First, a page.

Published April 12, 2019

Writer Tini Howard Will Put Death’s Head Through an Existential Crisis This July

“[H]is whole job is apprehending people for money, and if people with better tech surpass you in that, you end up... kind of broke, yes?”

This July, Marvel exclusive writer Tini Howard and artist Kei Zama will bring Death’s Head up front in his own limited series. As one of Marvel’s more unsung characters, DEATH’S HEAD is setting up the intergalactic mech merc for quite a setback right from the beginning – before he crosses paths with Young Avengers Wiccan and Hulkling! talked to Tini Howard to find out more about what is in store for the best freelance peacekeeping agent in the universe. You mentioned at C2E2 that Death’s Head will not be starting out on a great note at the beginning of the series. Can you go into more detail about how we meet him in DEATH’S HEAD #1?

Tini Howard: Well, as a character, he's not someone we see in the forefront all the time. And while there are obvious reasons for that, I always like to back these decisions up with story reasons. It's the role player in me. If someone can't make it to the D&D game, you make up what they were doing instead, right? It was funny to me to think of him not being at the forefront because he's not doing well, in some way or another.

Technology now is so entirely different from technology when Death's Head was created. The robots we see coming to light now, in the real world, aren't like Death's Head, and they probably never will. And he has to see that and come to terms with it, that someone who was always supposed to be “the future” finds himself... not being that.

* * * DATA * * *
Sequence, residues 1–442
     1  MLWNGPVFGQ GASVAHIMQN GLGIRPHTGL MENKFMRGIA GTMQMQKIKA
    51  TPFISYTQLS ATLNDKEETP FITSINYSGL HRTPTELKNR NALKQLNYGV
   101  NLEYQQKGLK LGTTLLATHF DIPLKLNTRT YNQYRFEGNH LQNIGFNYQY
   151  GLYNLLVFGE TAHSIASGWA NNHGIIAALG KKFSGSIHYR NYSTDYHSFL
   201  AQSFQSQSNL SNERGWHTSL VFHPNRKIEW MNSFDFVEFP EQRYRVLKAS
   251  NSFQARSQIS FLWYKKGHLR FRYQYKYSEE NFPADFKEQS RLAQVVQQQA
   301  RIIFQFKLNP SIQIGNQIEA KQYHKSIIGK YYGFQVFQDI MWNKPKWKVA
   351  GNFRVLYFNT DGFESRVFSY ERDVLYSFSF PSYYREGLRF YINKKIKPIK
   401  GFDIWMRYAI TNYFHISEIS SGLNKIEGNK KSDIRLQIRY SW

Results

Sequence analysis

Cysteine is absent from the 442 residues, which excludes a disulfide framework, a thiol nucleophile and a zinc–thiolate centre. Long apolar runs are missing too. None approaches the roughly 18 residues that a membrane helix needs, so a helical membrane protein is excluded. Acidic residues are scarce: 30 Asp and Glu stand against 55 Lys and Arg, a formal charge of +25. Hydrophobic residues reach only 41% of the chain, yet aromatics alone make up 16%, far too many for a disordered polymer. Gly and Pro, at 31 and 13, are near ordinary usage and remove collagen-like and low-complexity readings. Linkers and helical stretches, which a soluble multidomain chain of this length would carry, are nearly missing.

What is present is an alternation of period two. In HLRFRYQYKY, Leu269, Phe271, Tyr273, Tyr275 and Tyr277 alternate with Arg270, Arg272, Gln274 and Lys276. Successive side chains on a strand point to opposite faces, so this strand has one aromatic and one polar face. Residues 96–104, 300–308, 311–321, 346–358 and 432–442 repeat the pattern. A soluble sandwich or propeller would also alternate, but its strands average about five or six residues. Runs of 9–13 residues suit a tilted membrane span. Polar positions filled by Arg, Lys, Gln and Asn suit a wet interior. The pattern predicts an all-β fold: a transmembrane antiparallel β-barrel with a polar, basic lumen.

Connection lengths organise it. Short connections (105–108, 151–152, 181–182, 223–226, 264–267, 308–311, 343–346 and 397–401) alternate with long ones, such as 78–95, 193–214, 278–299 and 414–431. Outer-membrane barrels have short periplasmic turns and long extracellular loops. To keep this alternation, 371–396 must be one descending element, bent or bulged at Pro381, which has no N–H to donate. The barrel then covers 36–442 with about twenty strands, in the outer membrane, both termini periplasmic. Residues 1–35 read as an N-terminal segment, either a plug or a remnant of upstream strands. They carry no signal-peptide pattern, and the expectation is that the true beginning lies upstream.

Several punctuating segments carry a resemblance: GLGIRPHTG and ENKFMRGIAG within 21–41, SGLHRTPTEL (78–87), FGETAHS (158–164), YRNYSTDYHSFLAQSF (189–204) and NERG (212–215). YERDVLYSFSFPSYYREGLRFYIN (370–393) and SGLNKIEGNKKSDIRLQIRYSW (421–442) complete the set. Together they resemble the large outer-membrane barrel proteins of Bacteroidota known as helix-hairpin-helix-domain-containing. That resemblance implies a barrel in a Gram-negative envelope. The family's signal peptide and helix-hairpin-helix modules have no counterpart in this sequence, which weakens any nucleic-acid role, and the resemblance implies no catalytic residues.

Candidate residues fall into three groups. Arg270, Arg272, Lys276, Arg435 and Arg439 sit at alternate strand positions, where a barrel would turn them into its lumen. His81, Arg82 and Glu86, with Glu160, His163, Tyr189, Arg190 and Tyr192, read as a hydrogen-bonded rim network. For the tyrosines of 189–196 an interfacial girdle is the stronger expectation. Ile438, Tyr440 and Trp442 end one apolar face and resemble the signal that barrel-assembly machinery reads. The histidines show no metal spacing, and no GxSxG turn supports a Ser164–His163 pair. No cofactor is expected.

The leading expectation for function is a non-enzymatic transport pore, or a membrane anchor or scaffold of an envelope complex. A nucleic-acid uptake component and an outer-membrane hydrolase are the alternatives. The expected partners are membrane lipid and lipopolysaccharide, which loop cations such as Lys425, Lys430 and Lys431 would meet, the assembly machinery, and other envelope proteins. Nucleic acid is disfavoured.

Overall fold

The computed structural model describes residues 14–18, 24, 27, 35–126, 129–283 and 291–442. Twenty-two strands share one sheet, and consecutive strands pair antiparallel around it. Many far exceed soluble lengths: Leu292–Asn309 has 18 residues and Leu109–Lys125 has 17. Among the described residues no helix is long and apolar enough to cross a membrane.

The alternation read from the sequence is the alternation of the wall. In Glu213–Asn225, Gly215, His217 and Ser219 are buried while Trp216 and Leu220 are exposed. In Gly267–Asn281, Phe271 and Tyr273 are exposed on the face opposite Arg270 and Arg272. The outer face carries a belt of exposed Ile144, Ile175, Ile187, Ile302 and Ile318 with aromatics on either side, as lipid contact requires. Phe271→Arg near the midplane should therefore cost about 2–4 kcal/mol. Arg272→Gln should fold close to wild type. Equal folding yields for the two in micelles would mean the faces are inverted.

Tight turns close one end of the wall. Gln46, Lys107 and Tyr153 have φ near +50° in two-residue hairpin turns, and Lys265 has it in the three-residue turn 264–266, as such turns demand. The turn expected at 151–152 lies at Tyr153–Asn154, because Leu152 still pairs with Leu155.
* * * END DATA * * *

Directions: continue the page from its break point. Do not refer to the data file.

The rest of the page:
Death's Head art by John McCrea and Mike Spicer
Art by John McCrea & Mike Spicer What attracted you to Death’s Head as a character?

Tini Howard: I'm a 33-year-old woman, so writing about obsolescence is heavy on my mind. I'm at that age where I actively feel myself drifting away from modernity and seeking comfort in the things I grew up with, and I have to actively fight that! I think we all do.

So I was drawn to Death's Head as a character that looks super powerful and tough but is... big. Clunky. Breaks easily. And his whole job is apprehending people for money, and if people with better tech surpass you in that, you end up... kind of broke, yes?

Oh, also he's a GREAT BIG BOY with weapons. He has a Swiss Army knife for an arm that takes different attachments. Who wouldn't love that guy?

Death's Head art You also revealed that Wiccan and Hulkling are going to be part of this series. Where does their relationship stand, and what kind of rapport do they have with Death’s Head?

Tini Howard: If I haven't made it obvious enough yet that part of the book's theme is “a crisis of aging,” I'd like to reiterate that now, haha. Wiccan and Hulkling are two of my favorite characters, but they were the Young Avengers almost twenty years ago. I know in comic book time we fudge that a little, but now we're in an era where characters like Ms. Marvel and Miles Morales, who are typically portrayed as younger than those two, are full-blown heroes who sometimes take up leadership roles. So Wiccan and Hulkling are dealing with that crisis too. It's kind of silly to call them the Young Avengers after they've done so much, and the Young Avengers aren't really a thing right now... so what – and who – are they?